Next stop was a dense "hut site" region involving quite a steep climb onto a plateau. Last time I visited I did not make sense of this very rocky region, but this time I found the kerb stone formations of many "huts", the round living quarters of the megalithic ancients of about 4000 BC until 3000 BC.

The biggest surprise was what seemed to be the remains of a large central court cairn like at Deerpark, Co. Sligo. This was in the centre of these hut sites. If this was not a ceremonial area then I wonder if it was a megalithic equivalent of a semi-detached residence,or what the USA calls "duplex". Maybe it was the home of the "chief". earby this hut site plateau is, a beautiful "fairy tale" small mountain that is home to what is known as cairns "O" and "P". Rarely anybody visits these as the mountain seems too tough to cimb.There is an easy route, though. My next task was to go "backwards" and take photos of each section of the "easy route" to create a pictorial direction guide video for people carrying iPods, smart mobile and portable media players with them. This took me back through a beautiful canyon still full of patrolling hawks and buzzards,.

My backwards photographic trek ended at the highest car park below the now incredibly popular passage cairns "G" and "K" Not only was this car park packed, and it's "off season" now, but cars were struggling to park while others getting stuck trying to pass each other on the narrow unsurfaced track to the car park.

Where they say the fairies are

I climbed to cairn "G", just a few minutes walk and was surprised to see several people in, on and around it. The population had obviously "seized the day". There were musicians and singers there and people with books. Inside the larger complete passage cairn was like the inside of the Indian Cave where the Dead Poet's Society met.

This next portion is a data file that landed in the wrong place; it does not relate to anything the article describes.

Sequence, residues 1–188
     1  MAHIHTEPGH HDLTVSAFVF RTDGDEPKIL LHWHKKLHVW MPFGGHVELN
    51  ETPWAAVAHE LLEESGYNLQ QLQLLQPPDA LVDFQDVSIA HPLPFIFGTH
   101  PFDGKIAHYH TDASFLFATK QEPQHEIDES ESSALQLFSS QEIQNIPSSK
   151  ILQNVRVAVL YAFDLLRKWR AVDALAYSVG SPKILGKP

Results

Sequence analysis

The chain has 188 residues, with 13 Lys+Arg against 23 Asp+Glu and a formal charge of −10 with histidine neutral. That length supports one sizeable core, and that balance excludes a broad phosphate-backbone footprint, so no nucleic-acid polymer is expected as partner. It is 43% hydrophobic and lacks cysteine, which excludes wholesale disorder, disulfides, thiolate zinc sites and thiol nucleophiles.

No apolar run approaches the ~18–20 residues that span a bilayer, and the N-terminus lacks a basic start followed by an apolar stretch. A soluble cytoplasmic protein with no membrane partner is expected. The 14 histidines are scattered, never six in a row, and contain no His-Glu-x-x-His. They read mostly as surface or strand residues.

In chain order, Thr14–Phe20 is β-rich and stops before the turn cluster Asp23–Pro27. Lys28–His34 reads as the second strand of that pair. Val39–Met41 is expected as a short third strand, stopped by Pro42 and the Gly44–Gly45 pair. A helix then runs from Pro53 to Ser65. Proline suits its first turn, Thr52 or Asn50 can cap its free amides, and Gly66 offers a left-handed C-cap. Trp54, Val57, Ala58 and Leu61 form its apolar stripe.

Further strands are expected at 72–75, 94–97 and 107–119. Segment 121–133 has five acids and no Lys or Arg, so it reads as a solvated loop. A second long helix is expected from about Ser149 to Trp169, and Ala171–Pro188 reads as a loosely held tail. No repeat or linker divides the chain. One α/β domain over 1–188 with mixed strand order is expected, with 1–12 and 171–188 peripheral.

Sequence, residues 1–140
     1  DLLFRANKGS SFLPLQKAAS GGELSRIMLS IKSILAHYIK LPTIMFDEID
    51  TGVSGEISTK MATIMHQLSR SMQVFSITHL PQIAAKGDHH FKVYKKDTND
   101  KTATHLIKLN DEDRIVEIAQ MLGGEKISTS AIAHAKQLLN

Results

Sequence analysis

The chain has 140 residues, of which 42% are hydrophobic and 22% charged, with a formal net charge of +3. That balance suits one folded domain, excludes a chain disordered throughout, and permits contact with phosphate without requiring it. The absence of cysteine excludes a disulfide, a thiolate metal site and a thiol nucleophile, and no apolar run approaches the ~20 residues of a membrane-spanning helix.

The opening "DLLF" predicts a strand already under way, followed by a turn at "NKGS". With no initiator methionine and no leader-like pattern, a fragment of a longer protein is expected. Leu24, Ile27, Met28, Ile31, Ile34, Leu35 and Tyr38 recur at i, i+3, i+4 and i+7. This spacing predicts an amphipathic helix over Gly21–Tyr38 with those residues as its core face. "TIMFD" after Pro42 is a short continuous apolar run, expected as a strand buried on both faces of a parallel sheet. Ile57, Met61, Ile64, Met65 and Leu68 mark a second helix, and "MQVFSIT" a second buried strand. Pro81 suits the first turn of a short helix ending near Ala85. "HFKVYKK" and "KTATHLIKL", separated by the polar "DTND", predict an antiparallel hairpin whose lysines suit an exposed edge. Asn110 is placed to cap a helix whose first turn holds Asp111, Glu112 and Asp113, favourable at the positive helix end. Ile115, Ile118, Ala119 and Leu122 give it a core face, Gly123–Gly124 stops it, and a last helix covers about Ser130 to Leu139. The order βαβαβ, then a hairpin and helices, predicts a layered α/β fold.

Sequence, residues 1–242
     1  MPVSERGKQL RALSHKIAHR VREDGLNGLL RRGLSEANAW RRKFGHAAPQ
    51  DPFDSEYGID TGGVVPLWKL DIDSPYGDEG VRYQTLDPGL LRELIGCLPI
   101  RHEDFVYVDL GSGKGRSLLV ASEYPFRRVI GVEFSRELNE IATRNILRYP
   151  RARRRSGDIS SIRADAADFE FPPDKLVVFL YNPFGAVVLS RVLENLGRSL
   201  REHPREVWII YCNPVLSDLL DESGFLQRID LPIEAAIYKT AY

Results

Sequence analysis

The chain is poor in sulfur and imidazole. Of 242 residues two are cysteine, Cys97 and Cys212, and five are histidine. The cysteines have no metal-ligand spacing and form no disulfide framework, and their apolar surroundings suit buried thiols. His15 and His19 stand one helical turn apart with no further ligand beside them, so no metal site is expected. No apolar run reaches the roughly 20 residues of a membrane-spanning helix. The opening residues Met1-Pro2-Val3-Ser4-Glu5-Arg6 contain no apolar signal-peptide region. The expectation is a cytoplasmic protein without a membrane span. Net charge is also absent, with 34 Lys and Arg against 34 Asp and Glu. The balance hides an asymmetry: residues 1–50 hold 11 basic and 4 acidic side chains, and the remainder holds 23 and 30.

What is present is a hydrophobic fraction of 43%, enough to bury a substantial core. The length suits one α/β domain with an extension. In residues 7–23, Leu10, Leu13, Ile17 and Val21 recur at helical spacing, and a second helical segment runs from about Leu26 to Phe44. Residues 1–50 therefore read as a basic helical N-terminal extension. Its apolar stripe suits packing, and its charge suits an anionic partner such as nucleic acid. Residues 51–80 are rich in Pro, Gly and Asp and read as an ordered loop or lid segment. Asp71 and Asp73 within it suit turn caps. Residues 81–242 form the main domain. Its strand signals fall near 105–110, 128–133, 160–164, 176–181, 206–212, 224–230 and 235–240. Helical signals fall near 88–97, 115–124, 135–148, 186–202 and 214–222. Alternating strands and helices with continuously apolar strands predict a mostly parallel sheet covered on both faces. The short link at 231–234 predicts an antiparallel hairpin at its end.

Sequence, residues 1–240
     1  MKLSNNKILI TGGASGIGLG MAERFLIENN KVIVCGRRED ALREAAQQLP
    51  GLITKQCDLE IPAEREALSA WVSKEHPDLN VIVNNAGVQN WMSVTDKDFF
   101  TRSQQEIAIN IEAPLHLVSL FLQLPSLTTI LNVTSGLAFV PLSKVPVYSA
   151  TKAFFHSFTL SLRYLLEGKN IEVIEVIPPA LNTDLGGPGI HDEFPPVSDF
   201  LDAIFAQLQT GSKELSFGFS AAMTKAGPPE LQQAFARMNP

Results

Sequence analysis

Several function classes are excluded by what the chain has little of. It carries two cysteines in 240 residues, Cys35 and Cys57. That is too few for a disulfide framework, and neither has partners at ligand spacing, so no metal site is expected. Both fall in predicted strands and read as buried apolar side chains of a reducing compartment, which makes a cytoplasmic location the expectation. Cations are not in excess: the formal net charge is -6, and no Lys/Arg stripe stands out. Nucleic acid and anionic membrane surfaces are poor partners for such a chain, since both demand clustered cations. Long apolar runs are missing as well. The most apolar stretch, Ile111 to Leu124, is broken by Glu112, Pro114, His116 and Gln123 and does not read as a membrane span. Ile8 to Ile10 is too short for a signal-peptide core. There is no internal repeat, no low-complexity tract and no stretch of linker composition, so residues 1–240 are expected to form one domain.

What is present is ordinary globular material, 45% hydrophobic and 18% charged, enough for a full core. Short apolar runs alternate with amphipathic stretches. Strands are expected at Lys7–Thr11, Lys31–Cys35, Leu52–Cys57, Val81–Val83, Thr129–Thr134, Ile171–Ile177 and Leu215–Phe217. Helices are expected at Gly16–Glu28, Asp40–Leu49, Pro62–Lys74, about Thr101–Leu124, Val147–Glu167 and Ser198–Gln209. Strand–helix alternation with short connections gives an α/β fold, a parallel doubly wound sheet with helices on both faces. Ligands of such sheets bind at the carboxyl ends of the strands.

Perhaps I should have joined in. Well I did hang around and share stories awhile and then moved on to two more cairns I had never visited before, that most visitors ignored. Luckily by cairn "G", one local adventurer described to me an easy route to get to them, which I greatly appreciated. This was to cairns "C" and "D".

Both of these cairns fascinated me because I heard "C" was part of a boundary war and "D" is the only cairn given a name by local people, the common name of "Fairy Ring".

Visiting these cairns was a joy, but getting there beware. There is a hidden bottomless hole, I spotted it in time, threw a stone, and never heard it land.

Cairn "C" did have a fence that went over it rather than around. It is largely derelict but two passages are very distinct. The main is unusual because it is curved. These passages are commonly west to east.The back stone is definitely due east but the curve makes the entrance face north west and in perfect alignment to Morrigan's cairn on Ceis Corran mountain. The other passage faces due south and in perfect alignment with the incredibly interesting cairn "E" which is a fusion of passage cairn, barrow and court cairn.

Cairn "D" is a total mess, a totally broken up cairn, yet it is understandable why it is called the "Fairy Circle". Nature has taken over to give a uniqueness where on a sunny day the imagination runs wild. Its the sort of place that brings a wide grin to me as it stirs endless amounts of Alice In Wonderland boundryless imagery. It caused me to explore and explore every part of the site with each turning empowering even more entertaining yet powerful imagery.

Visit Carrowkeel yourself

If you are in Co. Sligo or wish to visit do let me know and I would enjoy guiding you around Carrowkeel for as long as you feel comfortable there. Most visitors like 1 - 3 hours there which is a good time to visit "the best of". Some folks then like to return on their own at a later day and stay a day or even two days if they bring a tent or stay at a local guest house.